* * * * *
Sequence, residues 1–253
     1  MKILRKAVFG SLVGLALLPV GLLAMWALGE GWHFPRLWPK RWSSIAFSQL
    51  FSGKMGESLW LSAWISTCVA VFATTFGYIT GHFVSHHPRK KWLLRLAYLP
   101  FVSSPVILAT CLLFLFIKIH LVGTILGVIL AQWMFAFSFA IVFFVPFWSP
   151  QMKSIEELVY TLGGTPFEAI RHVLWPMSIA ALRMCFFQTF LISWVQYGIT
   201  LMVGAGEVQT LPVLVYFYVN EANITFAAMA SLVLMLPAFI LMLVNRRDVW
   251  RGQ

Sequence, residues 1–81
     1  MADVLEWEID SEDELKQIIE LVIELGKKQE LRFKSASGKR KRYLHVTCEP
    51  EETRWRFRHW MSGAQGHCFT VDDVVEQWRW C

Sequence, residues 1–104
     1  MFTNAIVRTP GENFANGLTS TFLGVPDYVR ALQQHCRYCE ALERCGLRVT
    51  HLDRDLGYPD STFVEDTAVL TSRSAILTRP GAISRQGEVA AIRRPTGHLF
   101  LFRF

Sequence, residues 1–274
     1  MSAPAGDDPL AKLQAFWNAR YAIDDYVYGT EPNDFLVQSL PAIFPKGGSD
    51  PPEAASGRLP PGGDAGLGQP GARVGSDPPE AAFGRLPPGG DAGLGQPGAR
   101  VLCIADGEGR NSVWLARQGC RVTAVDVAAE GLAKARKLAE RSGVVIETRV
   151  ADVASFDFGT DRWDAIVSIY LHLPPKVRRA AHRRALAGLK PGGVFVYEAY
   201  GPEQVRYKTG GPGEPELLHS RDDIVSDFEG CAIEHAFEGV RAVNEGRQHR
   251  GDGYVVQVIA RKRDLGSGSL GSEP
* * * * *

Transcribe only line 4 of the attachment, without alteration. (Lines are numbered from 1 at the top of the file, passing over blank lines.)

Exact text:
   101  FVSSPVILAT CLLFLFIKIH LVGTILGVIL AQWMFAFSFA IVFFVPFWSP